top of page


After a recent stint on the golf course, playing three rounds within two days, I battled through the last round with elbow pain. It lasted into the next day and then with adequate rest dissipated over the following two weeks or so. I do have some residual tenderness when massaging the forearm compared to the other side. Some are not so lucky and the problem can become persistent over weeks or months and impact on not just leisure but work and other tasks.


Golfer's elbow refers to pain on the inside of the elbow, and is caused by excessive load within the wrist and finger flexor tendons. The more accurate term is medial epicondalgia. These tendons attach to the medial epicondyle of the elbow (bony prominence on the inside of the elbow), hence its name.

Golf is not always the cause, and anything involving repetitive wrist flexion and/or gripping could bring on symptoms. In my case, I had not played golf for at least six months, so that many shots played within two days was enough to set it off (not to mention likely poor technique a major contributor).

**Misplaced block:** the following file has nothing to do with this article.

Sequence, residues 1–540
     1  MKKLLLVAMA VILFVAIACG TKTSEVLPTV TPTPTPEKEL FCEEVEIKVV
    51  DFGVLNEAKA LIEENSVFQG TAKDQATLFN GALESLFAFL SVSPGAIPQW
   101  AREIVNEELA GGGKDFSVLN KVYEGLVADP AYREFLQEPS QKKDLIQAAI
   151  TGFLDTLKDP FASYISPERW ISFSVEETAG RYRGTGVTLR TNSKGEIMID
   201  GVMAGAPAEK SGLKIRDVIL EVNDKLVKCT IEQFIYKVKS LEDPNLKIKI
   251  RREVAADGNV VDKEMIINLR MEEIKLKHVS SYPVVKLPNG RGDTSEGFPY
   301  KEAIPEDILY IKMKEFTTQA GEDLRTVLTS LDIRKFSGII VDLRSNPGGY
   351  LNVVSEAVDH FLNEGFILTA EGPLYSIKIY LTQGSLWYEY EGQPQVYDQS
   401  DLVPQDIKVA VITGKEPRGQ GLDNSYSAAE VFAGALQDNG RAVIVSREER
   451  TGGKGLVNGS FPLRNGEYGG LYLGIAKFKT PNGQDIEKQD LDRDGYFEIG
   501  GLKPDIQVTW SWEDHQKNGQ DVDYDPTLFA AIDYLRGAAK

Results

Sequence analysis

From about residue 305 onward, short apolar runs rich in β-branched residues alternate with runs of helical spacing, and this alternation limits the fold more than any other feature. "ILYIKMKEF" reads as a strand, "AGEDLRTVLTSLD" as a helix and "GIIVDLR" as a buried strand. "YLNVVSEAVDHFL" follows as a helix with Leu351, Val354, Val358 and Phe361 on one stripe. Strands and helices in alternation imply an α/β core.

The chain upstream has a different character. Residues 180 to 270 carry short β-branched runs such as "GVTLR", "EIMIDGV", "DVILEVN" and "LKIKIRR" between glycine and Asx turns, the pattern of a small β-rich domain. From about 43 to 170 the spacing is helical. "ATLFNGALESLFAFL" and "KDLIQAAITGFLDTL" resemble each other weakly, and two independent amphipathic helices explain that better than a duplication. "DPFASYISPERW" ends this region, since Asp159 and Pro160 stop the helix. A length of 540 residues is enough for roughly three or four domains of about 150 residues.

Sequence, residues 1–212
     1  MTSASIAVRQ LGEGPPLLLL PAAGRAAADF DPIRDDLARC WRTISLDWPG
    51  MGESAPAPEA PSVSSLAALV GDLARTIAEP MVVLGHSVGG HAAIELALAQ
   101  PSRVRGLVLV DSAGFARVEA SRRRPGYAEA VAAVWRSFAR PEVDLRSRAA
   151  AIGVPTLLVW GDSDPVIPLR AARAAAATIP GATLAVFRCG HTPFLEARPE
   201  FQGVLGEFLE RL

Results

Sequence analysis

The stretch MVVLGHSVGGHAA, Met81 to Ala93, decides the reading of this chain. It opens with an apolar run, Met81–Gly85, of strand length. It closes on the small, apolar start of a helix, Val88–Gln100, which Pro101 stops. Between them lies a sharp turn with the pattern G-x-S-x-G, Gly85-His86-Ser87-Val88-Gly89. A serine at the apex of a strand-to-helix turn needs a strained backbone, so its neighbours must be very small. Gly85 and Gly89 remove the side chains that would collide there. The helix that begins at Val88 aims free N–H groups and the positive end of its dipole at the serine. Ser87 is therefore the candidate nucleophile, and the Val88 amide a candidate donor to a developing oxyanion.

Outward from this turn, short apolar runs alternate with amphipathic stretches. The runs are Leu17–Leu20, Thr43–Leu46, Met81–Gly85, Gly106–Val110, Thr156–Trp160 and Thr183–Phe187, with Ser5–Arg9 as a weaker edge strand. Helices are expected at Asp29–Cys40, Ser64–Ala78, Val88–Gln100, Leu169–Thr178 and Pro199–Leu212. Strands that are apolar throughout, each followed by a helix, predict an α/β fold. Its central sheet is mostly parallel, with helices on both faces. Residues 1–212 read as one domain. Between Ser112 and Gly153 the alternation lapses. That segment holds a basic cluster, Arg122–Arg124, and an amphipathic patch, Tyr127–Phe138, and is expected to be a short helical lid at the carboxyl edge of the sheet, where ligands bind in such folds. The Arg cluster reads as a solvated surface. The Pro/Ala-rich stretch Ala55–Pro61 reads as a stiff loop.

In my case, avoiding golf for 2-3 weeks was enough to settle the pain. I have not tried to play since, so I have not tested whether this would flare up my pain or not. There are times when rest may be unavoidable, and in this situation treatment becomes more person specific. If the condition continues for more than a few days, hands on treatment and other techniques such as dry needling may be beneficial. If pain persists for weeks at a time, it is likely going to require a targeted, progressive strengthening and tendon loading exercise program to rebuild the load tolerance of the tendon.

If in doubt, or if pain lasts more than 2-3 days after onset, getting a diagnosis from your physio early and then prompt treatment is key to managing golfer's elbow.


bottom of page